Covid, so in the family the vaccinated act as a barrier to the virus for the non-immune

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Vaccines play a key role in reducing transmission of the virus within families, which likely has implications for herd immunity and pandemic control. These are the conclusions of a study published in the Jama Internal Medicine journal and conducted at the University of Umea in Sweden.

Basically, if someone in the family is vaccinated or has already had Covid, their non-immunized family members are more protected from infection. And the more family members there are to be immune to the virus (either from the vaccine or from a previous infection), the greater the protection from infection and hospitalization risk for non-immune members (which is reduced by 45-97%).

The audience of subjects in the study

The work involves over 1.8 million individuals for a total of over 800 thousand families. The authors – scientists from Umea University and UIT, The Arctic University of Norway – used data from national registries to investigate the association between Covid risk in non-immune people and the number of family members protected following a previous infection. or a full vaccination.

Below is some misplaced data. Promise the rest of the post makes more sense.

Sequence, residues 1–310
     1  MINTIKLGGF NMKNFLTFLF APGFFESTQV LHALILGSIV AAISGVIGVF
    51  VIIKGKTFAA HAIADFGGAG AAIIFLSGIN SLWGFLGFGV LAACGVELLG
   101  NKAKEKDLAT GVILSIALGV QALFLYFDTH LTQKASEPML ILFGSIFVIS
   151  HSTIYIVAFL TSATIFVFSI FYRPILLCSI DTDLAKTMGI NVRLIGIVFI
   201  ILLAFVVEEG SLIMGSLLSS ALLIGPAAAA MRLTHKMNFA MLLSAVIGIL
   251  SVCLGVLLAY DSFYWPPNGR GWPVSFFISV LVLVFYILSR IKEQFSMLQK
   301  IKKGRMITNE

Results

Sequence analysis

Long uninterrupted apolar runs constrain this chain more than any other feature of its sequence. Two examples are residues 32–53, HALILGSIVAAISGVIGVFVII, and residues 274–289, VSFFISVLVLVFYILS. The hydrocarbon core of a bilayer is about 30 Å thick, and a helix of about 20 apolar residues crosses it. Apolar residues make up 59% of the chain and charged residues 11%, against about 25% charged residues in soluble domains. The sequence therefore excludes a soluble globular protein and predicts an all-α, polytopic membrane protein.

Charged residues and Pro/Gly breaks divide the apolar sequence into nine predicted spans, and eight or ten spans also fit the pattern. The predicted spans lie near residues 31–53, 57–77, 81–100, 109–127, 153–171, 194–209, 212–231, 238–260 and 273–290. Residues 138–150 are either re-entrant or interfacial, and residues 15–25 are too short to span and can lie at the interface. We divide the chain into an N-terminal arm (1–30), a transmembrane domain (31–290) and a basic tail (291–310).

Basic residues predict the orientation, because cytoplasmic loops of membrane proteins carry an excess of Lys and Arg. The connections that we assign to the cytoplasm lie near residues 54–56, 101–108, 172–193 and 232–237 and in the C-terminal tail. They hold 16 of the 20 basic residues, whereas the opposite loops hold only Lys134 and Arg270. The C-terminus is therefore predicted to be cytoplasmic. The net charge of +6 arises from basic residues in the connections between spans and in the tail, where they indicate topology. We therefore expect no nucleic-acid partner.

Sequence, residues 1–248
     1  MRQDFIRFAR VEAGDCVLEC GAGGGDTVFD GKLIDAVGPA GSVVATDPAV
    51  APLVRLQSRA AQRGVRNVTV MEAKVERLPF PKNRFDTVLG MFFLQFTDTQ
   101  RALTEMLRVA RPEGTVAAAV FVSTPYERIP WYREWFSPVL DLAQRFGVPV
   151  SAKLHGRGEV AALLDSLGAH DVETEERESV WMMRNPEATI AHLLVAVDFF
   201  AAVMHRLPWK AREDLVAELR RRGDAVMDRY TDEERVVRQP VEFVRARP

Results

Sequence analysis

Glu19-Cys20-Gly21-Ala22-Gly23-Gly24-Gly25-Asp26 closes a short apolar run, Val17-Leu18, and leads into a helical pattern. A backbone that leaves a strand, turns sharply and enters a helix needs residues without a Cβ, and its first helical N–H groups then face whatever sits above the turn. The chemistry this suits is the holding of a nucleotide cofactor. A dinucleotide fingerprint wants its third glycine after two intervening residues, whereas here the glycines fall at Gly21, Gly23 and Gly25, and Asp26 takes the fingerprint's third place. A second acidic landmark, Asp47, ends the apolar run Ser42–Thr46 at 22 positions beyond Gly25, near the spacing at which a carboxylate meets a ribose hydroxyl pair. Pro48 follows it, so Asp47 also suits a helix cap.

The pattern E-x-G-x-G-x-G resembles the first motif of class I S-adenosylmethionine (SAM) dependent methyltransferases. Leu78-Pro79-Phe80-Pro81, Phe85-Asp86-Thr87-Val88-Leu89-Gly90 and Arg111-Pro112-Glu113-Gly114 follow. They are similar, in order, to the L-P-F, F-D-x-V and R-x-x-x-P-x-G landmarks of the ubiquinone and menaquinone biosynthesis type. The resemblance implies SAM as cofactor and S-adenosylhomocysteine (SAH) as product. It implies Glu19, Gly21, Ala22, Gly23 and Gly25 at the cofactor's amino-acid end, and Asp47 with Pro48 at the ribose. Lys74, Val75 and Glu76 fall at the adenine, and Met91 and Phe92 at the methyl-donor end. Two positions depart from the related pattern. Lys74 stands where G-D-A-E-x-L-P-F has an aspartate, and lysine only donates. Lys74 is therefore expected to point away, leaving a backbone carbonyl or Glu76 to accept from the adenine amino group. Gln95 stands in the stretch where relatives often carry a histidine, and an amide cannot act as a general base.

Each family included from 2 to 5 members (more often 2 people both non-immune, more rarely 5 people of which 4 immune), mean age 51.3 years.

Risk reduction up to 97%

During a mean follow-up period of 26.3 days, 5.7% of the non-immune components of the analyzed nuclei received a diagnosis of Covid. And an inverse association was found between the number of protected members in each family and the risk of infection in the others, regardless of the size of the nuclei.


Covid family vaccinated act barrier virus nonimmune

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